There is nothing remotely Christmassy about the new Jim Carrey movie – released in cinemas on Boxing Day – but it is a film of great good cheer.
It’s been a while since Carrey did an out and out comedy – unless you count Fun With Dick and Jane, which we don’t. Yes Man isn’t going to figure in any top ten lists or Oscar prognostications, but it takes a simple idea and runs with it, reminding us how Carrey became such a big star in the first place.
Carl Allen is a bank loans officer (like Stanley in The Mask), a divorcee who lives alone and prefers it that way. He’d rather watch 300 or Transformers at home than venture out for a drink with friends. He’s switched off, like his mobile.
Would a guy like this get himself to a lecture on the powers of positive thinking? Probably. Who else do the self-appointed self-help gurus feed on, if not the lonely and the miserable, or those who suspect they might be? In a variation on the role he played in Bowfinger, Terence Stamp makes a masterly (and very funny) pitch for the joys of "Yes", and Carl is browbeaten into signing on. Within minutes of the meeting he’s given a homeless guy a lift to the middle of nowhere, meekly handed over his cash, and found himself stranded. Good karma kicks in when he bumps into Allison (Zooey Deschanel), a kindly kook on scooter. Maybe there is something to this "Just say Yes" ethos after all…
At any rate, we would like to think so. In reality, Carl would probably be destitute or in prison before the week was out – unless he had a book and BBC TV deal to back him up, like Danny Wallace, who gave this idea a whirl a few years ago.
The screenwriters have ditched almost all of Wallace’s non-fiction book in moving it to California and grooming the material for Carrey (Wallace went to Amsterdam, Carl takes the first flight out of LAX to Lincoln, Nebraska). But that’s by the by, it’s the idea that counts. For Carl, saying yes indiscriminately unlocks doors he hadn’t even noticed before. He even gets a promotion. Surely a government job can’t be far behind.
A restless personality at odds with himself: this is prime Carrey territory, and he throws himself into it with the zeal that is his trademark. Yes Man often feels like an unofficial follow-up to Liar, Liar, where he played a lawyer cursed to speak nothing but the truth. Does he repeat himself? Well, what comedy star doesn’t? Personal growth is like an addiction to Carl, something painful and euphoric, and he gives himself over to it completely. Of course, this could be a radically different story according to the nature of the propositions that come his way. It’s probably just as well he steers clear of the dark side of town (though he can’t avoid the advances of his sexagenarian neighbour, Fionnula Flanagan).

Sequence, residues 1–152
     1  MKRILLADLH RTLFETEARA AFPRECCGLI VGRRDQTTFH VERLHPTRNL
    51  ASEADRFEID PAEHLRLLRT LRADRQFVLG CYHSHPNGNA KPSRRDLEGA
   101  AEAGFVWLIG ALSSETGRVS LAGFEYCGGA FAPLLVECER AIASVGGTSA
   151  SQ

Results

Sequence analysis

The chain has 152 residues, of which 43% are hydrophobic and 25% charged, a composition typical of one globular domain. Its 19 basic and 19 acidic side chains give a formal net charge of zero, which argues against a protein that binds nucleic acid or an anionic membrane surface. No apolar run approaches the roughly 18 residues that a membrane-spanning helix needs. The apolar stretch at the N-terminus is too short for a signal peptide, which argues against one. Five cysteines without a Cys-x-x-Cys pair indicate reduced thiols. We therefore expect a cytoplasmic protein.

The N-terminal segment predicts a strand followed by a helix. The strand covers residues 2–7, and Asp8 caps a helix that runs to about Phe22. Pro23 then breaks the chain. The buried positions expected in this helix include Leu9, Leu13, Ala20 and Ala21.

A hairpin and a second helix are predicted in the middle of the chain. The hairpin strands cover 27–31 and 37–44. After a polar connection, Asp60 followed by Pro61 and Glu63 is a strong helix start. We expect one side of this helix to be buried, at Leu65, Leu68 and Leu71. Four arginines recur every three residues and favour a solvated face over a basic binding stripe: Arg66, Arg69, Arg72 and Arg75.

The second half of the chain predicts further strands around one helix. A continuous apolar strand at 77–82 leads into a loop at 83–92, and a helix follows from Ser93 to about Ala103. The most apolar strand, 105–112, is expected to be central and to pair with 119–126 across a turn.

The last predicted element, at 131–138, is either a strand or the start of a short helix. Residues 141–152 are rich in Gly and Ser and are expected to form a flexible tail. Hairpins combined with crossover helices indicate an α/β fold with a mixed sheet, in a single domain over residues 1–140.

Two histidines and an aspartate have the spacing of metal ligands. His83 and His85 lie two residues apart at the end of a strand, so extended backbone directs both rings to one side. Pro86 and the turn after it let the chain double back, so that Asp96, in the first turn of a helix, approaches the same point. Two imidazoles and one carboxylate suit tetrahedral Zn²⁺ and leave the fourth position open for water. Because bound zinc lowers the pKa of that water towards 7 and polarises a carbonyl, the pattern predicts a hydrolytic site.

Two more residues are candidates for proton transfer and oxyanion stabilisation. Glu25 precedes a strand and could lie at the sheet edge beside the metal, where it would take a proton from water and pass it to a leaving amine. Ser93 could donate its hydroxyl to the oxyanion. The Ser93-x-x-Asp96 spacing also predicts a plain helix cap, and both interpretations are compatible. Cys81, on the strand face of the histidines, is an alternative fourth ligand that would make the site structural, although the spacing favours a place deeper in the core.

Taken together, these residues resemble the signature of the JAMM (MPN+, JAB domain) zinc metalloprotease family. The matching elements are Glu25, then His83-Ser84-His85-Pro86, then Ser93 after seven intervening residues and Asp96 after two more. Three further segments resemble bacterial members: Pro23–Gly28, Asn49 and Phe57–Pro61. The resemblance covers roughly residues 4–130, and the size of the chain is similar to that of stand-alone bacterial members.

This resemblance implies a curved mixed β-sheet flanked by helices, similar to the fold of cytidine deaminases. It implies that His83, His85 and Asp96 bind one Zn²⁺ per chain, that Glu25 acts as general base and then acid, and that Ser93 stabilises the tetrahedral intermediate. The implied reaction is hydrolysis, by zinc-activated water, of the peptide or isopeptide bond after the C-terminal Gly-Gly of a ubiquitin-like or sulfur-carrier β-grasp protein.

One of the most consistently fresh and engaging actresses around, Zooey Deschanel proves a surprisingly good match for Carrey. They seem so relaxed and fun together, it’s easy to overlook the wide (18-year) age gap between them. As befits someone called Zooey, she doesn’t stress the character’s eccentricity, but plays through it, making her quirks seem natural and free.
The movie goes the extra mile on the supporting cast too, with good work from Rhys Darby (Flight Of The Conchords) as Carl’s nerdy boss Norm and Bradley Cooper as his best friend. There’s even a bonus Luis Guzman scene thrown in.
For director Peyton Reed this is a safer, more formulaic rom-com than his previous Down with Love and The Break Up, but it’s also likely to be more successful. It’s hard to resist all that positivity on screen, even if you do wish they had pushed things a little harder here and there. It would be going too far to describe Yes Man as an offer you can’t refuse, but this is such a genial crowd-pleaser, it’s a definite maybe.
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